Our monsoons begin after the July temps get up into the 80s.  And in the same way, their clouds seem to wait each day until the the afternoon’s heat is nearly unbearable before rushing in to darken, dampen and delightfully cool the Southwest’s fabled air.  It’s as if it were set up that way, so that we’d first have to really crave – and thus learn to better appreciate – the gift and relief of cooling moisture, before being subjected to what is often a discomforting deluge.

The clouds don’t roll in around here, they’re sucked in, on winds set to send fierce torrents splashing in great waves against the cliffs, bending over the tops of trees an hour before the first rain drop.  The thunder calls from a distance at first, then tumbles closer and louder, causing birds to launch and flutter, and leading a number of insects to take shelter on the protective undersides of leaves.  Magnificent white thunderheads suddenly rise up from behind the mountains like proudly unbeatable warriors, poised to overwhelm our bastion of relative tranquility and peace, a moment that arrests the prattle of the mind and bares the quaking heart.   The lightning arcs just overhead, illuminating both our inescapable mortality and the immanence of resilient life.  And with each thunderclap’s mighty roar, come the rains that pour, and pour, and pour.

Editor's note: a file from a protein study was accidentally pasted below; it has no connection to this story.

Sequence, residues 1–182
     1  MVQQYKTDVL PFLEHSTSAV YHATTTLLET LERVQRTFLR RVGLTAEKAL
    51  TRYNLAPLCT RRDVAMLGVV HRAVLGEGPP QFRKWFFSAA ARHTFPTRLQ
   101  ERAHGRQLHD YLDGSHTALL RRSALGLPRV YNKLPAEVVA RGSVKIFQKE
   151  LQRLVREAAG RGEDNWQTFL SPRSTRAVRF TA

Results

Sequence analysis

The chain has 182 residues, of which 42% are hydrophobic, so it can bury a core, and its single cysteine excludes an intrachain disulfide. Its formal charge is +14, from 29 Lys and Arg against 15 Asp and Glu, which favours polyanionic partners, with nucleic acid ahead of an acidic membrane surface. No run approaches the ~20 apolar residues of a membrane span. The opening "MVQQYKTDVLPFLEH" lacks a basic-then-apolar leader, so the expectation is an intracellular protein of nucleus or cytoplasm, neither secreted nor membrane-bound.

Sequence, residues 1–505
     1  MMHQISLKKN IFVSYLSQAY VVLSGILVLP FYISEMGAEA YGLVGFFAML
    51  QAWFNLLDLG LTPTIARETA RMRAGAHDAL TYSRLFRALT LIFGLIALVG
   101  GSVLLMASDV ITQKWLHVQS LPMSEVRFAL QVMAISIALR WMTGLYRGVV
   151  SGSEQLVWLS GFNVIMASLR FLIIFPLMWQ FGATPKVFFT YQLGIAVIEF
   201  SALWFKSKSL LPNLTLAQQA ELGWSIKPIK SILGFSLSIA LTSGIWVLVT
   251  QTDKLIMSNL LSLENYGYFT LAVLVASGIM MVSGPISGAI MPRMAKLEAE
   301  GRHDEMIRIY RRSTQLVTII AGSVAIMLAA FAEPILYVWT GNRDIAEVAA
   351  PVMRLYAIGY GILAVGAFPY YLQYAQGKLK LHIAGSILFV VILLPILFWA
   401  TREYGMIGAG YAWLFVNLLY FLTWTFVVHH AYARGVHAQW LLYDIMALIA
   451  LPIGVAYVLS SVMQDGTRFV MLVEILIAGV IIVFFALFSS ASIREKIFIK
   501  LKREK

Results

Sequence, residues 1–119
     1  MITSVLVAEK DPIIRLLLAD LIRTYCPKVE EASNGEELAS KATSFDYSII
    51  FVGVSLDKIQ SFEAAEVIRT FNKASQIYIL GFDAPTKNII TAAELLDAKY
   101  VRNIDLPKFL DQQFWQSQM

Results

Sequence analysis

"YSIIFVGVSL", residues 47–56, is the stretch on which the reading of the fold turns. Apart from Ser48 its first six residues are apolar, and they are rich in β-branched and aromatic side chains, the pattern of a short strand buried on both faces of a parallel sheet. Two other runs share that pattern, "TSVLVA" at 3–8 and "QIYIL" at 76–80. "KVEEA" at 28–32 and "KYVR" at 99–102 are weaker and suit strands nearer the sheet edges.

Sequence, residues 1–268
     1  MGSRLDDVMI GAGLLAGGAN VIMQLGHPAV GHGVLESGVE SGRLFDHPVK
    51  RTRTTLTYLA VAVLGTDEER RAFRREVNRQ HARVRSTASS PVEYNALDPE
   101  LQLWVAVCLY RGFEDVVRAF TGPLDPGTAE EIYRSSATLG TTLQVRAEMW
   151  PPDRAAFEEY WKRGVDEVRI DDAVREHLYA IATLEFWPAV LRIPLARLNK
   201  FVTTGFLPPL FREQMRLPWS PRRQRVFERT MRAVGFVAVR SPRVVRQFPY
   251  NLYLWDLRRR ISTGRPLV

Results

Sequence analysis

Even with the lightning cause fires and the storms’ eroding of precious soils, the monsoons are still a sweep of the arm that bestows blessings.  The land is not just watered but graced.  The dusty greens of area trees and grass instantly brighten as if lit up from inside.  Normally dull pastel rocks shine like polished gemstones.  The seeps flow in serpentine patterns more beautiful than any artist’s design.  And everywhere a rejoicing!  Every person, plant and creature and even the soils themselves seem to give a glad shout!  A resounding “Yes!” to the rains that spur growth, the winds that test, exercise and thus make us strong, to the thunder that awakens and the water and spirit that sates our thirst.

As the monsoons pass over our cabins and Sanctuary, we do our best to gather every drop that pours off the metal roofs, transferring the life-giving liquid from barrel to barrel in what must look to an observer like a ballet of buckets.  We strive to make the most of these seasonal storms when they’re happening, to have our vessel emptied and waiting… and to be gladly willing to do the work of taking it all in.

As quickly as it starts, each monsoon storm stops.  The pummeling wind quickly dissipates, no doubt.  And what looks like a whole new set of stars soon pop back out.